Admission: One Shilling

Lichfield Garrick


DAME Myra Hess was one of those little known, quintessentially English treasures our nation once used to produce.

Her debut as a celebrated concert pianist came in 1907 playing Beethoven’s Piano Concerto No 4 with Sir Thomas Beecham conducting when she was just 17.

She toured Europe and the USA and, by all accounts, was quite a formidable lady when was declared in 1939.

For various reasons including the danger of light attracting German bombers and the great and the good concentrated together as an easy target the Government closed all concert halls for the duration.

This had serious consequences for professional musicians – after all concerts were their livelihood – and also deprived the nation of classical music.

Myra Hess would have none of that; she described it as a cultural blackout, and so started one of the lesser-known acts of glorious defiance of the war.

Hess had written to the BBC to complain about their content – “all we seem to get is Sandy McPherson”.

Canadian-born theatre organist McPherson, incidentally, was playing up to 12 hours a day on the BBC at the start of the war.


An idea formed to use the National Gallery where every picture had been taken away for safe keeping while, bizarrely; every picture frame was left in place.

And so on Tuesday, October 10, 1939 Myra Hess, having badgered the Government for special permission, put on a lunchtime concert at the Gallery.

She said that the limit had been set at 200 people, she was hoping for 40-50. More than a thousand turned up with long queues outside when the doors closed on 850.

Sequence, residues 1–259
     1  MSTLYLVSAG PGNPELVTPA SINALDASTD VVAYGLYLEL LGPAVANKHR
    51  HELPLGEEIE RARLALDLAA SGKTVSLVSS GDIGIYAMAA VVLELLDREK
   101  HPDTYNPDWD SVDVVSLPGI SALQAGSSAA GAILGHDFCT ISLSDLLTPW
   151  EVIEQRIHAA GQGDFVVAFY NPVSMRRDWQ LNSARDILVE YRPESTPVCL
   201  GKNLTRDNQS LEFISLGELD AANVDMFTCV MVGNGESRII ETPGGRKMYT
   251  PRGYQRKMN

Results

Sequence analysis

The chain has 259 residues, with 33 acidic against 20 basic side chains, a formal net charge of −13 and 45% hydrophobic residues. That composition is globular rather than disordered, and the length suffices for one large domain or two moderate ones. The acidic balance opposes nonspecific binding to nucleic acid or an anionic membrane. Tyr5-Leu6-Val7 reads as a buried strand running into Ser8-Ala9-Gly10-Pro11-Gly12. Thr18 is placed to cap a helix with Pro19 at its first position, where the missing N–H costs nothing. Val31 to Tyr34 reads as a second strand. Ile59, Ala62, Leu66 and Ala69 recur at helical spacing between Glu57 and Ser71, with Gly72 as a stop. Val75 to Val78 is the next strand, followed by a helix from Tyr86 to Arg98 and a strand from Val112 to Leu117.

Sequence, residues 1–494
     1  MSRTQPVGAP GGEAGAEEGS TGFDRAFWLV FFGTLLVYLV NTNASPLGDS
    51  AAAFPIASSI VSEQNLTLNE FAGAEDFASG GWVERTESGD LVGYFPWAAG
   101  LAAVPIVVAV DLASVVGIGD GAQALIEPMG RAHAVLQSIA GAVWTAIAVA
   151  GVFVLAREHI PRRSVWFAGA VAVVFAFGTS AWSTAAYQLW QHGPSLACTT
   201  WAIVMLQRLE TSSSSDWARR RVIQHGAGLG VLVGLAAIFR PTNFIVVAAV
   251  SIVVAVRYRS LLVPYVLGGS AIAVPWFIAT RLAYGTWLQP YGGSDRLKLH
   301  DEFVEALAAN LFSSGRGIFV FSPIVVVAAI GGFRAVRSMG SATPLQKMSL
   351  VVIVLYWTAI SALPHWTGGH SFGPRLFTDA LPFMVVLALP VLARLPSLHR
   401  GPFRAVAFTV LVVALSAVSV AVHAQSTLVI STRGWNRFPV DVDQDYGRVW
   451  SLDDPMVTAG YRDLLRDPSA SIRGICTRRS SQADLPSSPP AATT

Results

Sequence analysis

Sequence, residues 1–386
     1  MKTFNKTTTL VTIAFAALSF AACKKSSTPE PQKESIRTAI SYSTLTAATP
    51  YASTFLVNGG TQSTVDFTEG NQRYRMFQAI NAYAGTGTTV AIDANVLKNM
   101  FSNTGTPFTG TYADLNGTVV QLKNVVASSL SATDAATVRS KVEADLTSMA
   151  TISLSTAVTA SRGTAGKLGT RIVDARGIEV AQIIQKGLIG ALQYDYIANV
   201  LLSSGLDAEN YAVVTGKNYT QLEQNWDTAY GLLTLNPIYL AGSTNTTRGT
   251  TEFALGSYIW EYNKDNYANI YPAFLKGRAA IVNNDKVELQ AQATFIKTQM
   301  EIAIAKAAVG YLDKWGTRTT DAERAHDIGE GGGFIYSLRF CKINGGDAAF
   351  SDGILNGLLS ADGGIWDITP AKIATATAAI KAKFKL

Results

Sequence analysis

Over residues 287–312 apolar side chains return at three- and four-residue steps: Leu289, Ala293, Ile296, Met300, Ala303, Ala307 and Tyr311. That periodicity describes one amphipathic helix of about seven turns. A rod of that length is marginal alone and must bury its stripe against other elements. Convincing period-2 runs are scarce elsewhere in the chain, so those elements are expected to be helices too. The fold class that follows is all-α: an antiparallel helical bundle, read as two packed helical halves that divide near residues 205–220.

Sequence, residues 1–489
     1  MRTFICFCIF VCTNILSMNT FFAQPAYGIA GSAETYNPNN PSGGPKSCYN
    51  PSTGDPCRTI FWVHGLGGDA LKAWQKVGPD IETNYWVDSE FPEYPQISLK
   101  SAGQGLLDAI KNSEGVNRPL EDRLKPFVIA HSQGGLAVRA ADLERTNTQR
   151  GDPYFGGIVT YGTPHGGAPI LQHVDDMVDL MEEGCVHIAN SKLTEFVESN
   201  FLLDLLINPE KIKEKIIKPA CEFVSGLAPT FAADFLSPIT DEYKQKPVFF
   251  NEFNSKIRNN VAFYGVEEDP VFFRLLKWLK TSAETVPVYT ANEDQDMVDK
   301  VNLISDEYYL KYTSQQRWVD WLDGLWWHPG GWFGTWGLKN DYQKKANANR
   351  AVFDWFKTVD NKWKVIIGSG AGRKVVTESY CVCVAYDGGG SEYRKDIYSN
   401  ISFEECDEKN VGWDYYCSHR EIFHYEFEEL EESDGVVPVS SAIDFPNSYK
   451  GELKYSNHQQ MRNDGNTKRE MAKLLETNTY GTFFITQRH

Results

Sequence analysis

Star names played willingly for token fees, admission was a shilling with proceeds going to the Musicians’ Benevolent Fund.

When the war ended there had been 1,698 lunchtime concerts, Hess had organised each one and performed in 150. Audiences had been up to 1,750 and more than three quarters of a million people, many of who had never been to a classical concert before, had attended.

A tea room had been started and Hess’s friend Joyce Grenfell could often be seen “spreading margarine” on the sandwiches as the weekday lunchtime concerts became an industry, bringing music to the masses.


At the end of the war Hess said: “If I had died on the day peace was declared I would have thought my life was complete.”

Patricia Routledge brings the words of Myra to life in this beautifully staged production. Hess left no diaries or documentary record of her concerts so her thoughts and words have been gleaned from her few letters during the war, radio and newspaper interviews and the few words recorded by the BBC before her broadcast performances.

The worlds and story have been but together by her great nephew, composer and conductor, Nigel Hess and despite the sparse material in the hands of Miss Routledge, her words are turned into a fascinating story.

In between internationally acclaimed concert pianist Piers Lane plays pieces from the 150 lunchtime concerts performed by Myra herself.

The show, like the story of her almost 1,700 lunchtime concerts, is a hidden gem

Roger Clarke 


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